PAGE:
Updated: May 28, 2021
Cigars come in all shapes and sizes. Of course that also means they come in a variety of prices too. I love reading articles that cigar smokers write talking about the fact they only smoke Padrons. Or maybe they are a member of the, “Cubans Only Club.” Not to be confused as a website consisting of a “Cubans-ONLY” type of website that sells certain types of photos/videos for money… LOL moving on.
See, there are so many people that place an opinion of a cigar strictly on the price of the cigar. I can’t stand that. Now don’t get me wrong, I won’t smoke the Cuban Knock-Off cigars or some of the really terrible tasting cheap sticks. But based on what someone likes to smoke, I immediately judge those types of people!
Today I’m smoking an Isla del Sol by Drew Estate. It’s a coffee infused cigar with a sweet cap. It’s a cigar that the, “One Guy” who only likes sweet cigars (no worries he had to leave the club due to health reasons haha) would love. My point is that when I looked up the price to double check, it breaks down to under $5 for a cigar. And this one is a toro! I thought about writing a review about the cigar but I changed my mind. Instead I’m going to tell a story. Some of you may have heard this story, some may not care, or some may think it’s just super weird. But in the end you’ll understand the meaning behind it all.
It involves Greek mythology, a topic I love. The wild stories, and insanely creative thinking that had to go into these stories make them my favorite.
Today is all about King Midas. Now Greek Mythology tends to give many stories and depictions of the same person. This is because often stories of the gods were told, and only certain portions were written down. Then later when another person read what was written they would add their own flare to the story, creating a variation. Remember the Mad Libs work books? You would fill in certain words such as nouns or adjectives and in the end get a crazy story! Greek mythology is essentially the same.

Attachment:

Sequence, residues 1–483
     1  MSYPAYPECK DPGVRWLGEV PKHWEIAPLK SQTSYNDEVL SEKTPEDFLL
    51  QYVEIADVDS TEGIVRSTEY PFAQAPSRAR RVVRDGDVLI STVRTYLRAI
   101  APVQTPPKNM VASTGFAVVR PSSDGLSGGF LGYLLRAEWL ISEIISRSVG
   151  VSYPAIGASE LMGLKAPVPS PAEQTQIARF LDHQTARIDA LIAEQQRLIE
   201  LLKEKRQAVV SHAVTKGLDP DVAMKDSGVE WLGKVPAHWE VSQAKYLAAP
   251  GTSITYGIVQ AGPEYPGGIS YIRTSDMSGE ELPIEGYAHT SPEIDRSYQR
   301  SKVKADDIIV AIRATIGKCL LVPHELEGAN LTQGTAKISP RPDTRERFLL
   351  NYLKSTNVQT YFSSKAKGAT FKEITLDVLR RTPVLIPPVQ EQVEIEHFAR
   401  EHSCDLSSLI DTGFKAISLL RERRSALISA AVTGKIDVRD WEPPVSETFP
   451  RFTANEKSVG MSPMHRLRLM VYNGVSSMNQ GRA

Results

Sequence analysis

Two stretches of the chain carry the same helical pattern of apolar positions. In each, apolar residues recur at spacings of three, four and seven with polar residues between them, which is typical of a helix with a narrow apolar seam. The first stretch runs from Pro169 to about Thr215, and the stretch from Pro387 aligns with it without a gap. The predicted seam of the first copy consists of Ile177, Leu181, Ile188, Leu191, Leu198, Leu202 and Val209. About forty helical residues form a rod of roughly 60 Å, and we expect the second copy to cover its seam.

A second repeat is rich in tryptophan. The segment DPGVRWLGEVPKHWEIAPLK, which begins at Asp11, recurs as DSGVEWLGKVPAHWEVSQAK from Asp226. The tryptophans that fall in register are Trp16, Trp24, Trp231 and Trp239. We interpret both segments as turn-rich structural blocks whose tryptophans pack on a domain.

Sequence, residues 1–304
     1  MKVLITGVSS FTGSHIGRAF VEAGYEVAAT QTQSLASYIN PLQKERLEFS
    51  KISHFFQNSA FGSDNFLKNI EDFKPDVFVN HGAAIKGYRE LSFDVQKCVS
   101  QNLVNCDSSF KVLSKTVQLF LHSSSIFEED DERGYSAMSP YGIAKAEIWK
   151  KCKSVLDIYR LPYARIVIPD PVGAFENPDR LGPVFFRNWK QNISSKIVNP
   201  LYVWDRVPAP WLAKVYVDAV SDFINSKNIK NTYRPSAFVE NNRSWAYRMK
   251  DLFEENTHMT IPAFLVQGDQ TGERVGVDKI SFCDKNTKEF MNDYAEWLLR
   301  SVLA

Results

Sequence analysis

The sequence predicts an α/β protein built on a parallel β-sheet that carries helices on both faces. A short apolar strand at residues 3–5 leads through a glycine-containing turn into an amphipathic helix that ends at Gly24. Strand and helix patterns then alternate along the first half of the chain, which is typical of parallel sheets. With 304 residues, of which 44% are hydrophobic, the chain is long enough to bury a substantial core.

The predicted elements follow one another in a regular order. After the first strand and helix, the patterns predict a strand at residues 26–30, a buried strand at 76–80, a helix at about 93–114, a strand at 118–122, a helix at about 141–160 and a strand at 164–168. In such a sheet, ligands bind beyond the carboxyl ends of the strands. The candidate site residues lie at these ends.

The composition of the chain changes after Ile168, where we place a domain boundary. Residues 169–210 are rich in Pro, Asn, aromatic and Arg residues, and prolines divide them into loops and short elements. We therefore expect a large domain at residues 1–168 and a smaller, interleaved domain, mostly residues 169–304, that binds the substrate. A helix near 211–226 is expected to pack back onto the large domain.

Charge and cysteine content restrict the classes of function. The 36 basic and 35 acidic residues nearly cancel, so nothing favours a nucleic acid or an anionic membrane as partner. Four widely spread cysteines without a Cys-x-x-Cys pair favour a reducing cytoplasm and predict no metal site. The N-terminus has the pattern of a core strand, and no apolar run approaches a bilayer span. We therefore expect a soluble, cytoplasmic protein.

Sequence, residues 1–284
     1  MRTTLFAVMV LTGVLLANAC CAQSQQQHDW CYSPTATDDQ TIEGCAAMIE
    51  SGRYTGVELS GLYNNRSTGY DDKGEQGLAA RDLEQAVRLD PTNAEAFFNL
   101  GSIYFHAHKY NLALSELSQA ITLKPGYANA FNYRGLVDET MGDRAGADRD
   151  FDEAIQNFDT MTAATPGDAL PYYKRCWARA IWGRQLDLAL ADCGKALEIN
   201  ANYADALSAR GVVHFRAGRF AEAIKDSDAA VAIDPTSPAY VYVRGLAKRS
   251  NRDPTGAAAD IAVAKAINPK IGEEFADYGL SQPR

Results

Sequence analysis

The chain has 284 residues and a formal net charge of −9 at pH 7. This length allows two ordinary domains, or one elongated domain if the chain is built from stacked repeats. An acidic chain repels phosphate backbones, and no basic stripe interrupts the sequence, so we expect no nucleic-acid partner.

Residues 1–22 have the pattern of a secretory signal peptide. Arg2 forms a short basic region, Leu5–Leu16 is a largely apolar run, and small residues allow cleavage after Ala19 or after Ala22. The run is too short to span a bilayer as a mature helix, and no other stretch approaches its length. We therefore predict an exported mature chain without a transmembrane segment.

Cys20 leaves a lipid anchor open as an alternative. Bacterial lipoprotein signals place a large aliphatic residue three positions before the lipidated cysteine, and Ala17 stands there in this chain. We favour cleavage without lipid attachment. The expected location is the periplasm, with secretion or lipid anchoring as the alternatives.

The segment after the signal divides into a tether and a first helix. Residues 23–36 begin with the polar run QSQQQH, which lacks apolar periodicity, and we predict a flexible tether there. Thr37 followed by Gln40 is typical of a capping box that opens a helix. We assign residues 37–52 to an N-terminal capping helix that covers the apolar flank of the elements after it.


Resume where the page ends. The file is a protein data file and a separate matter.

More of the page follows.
King Midas was often described as a very handsome man. The son of Gordias, the man that created the Gordian Knot, the impossible knot that couldn’t be broken. (story for anther day…) However, Gordias was described in his early years as an unattractive farmer. So when Midas grew up to be as handsome as he was, you can imagine how confident he became comparing himself to his father.
As he grew older he became the king of Lydia, a large and very wealthy city. As he continued his reign he only grew more confident and arrogant. A man of his appearance, stature, and rank demanded a level of respect. Well one day the Greek god of the grape-harvesting, fertility, wine, and festivity, Dionysus discovered his schoolmaster and foster father had gone missing after becoming drunk.
King Midas ended up finding the schoolmaster and instead of casting him out of the city, invited him into his very own palace. He treated him with hospitality, respect, and politeness… even though he was an erratic drunk. On the eleventh day, he finally took him back to Dionysus, who was ecstatic to find him safe and sound. As a reward, he offered King Midas a wish to be granted. He asked him what he would like and since Dionysus was a god, he could grant him anything. King Midas knowing that the way to keep his power, and place in the city was to have mounds of gold, asked for a simple wish.
“I wish for everything I touch to turn to gold.”
Not thinking this through, immediately it was granted. King Midas was so excited, he immediately grabbed the first thing he could find. An oak twig, and a stone.
Both turned to gold.
Fascinated and excited, he rushed home to his personal garden and touched every single rose in his rose garden.
Every stem, every flower, ever petal… turned to gold.